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Jim McDermottJanuary 18, 2022
(Credit: Zac Davis)

Did anyone else find that somewhere around the New Year their Twitter feeds were suddenly populated with strange, unexplained Tetris-like graphs like, say, this?

If so, maybe you wondered, “What is this joke that I am not in on, and is it cool? Because if so I would like to get in on it right now.” I know I did. And what I discovered was actually at first a pretty major turn off.

Those diagrams and the fractions that are sometimes posted with them represent how quickly the user was able to solve a new online word puzzle game known as Wordle. In the game, you are given six tries to guess a five-letter word. I could just about hear all of our ancestors rolling over in their graves together at the thought that they had sacrificed so much so that you and I could brag about figuring out that today’s word was “crazy” in only two attempts. “We knew that before you even started,” they holler back in unison.

But as reported by The New York Times, there is a very sweet story behind the game. During the pandemic, Brooklyn software designer Josh Wardle and his partner Palak Shah found solace and sanity in The Times’s crossword and Spelling Bee puzzles. So Mr. Wardle decided to make Wordle as a little gift for her.

The New York Times said that “Wordle is a love story.” In a way, isn’t every online bit and bob that we delight in a love story?

It turns out that it has been a gift for an exponentially growing set of other people, too. On Jan. 3, when The Times reported on the game’s origin, it had 300,000 players;by Jan. 13, it had 2.7 million.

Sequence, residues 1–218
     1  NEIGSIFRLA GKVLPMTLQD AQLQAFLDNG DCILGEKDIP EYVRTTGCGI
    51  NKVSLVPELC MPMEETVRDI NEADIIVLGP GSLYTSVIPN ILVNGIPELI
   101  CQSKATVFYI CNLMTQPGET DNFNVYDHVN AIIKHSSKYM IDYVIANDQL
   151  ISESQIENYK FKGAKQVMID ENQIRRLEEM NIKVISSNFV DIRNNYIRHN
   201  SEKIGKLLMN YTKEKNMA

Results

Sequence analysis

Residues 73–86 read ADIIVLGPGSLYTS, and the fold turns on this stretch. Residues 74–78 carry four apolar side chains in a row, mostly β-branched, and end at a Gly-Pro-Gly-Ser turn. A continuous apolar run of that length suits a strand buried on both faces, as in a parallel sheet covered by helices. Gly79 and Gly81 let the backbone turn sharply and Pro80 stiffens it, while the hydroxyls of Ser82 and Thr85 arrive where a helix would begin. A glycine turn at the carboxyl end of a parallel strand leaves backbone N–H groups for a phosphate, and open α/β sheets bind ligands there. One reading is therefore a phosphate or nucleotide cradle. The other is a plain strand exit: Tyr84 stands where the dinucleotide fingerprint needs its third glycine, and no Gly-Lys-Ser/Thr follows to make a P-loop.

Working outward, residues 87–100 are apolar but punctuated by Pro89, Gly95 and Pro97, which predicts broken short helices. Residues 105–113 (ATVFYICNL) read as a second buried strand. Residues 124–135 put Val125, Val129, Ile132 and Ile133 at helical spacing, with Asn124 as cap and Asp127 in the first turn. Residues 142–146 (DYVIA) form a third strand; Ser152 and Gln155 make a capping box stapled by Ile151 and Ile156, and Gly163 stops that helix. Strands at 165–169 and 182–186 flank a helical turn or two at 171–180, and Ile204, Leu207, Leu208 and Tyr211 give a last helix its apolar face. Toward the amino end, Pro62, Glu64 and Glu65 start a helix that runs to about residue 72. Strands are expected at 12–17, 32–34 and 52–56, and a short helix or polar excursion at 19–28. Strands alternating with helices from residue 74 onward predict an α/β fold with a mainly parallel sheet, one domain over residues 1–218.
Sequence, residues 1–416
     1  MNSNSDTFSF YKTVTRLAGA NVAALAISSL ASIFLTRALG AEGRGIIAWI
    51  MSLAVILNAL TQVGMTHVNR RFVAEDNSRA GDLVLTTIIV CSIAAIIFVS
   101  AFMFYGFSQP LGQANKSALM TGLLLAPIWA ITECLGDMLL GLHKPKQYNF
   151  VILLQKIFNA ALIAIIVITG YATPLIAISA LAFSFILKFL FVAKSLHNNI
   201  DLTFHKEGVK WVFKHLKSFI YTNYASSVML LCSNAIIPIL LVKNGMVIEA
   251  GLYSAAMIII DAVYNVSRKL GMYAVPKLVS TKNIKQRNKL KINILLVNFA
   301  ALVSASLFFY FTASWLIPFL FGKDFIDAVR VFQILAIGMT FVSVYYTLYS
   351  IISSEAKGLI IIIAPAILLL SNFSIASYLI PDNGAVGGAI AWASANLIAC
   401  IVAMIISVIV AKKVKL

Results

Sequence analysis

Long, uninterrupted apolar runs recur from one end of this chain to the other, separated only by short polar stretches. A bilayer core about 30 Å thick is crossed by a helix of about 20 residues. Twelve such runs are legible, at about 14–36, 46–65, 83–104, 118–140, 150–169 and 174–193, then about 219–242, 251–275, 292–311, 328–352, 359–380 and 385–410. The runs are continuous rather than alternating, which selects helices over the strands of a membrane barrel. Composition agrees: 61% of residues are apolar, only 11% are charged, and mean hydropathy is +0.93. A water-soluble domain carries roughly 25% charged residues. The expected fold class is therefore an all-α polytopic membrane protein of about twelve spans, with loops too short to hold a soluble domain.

Wordle is not a profit-making venture. There are no ads. Your data is not being mined. In fact, when 200,000 people mistakenly bought an old game with a very similar name, Wordle!, on Apple’s App Store, its creator, Steven Cravotta, decided along with Mr. Wardle to donate all proceeds to Boost! West Oakland, a free tutoring and mentoring center in Oakland, Calif.

Somehow it reminded me of other little bits of goodness I have found online, like this GIF of an angry panda:

Someone took the time to stop and make that, so that you and I could post it at a time when the world is such a dumpster fire that words are not enough and laughter is essential.

It’s the same with every GIF we repost, every meme we resend. They are all the product of someone else’s creativity and generosity. In its report, The New York Times said that “Wordle is a love story.” In a way, isn’t every online bit and bob that we delight in a love story?

I’ve started playing Wordle—of course I have. I don’t post how quickly I solved it, which I can assure you has absolutely nothing to do with the fact that I am not very good at it.

But now when I find my morning Twitter feed covered in those little yellow, white and green graphs, I no longer see individuals desperate to show they really are smart so much as a thousand little visual haikus, each of them telling their own story of a person who put a little bit of beauty out in the world for the rest of us to enjoy.

Correction: A previous version of this article stated each letter can only be used once per Wordle. Letters may be repeated.

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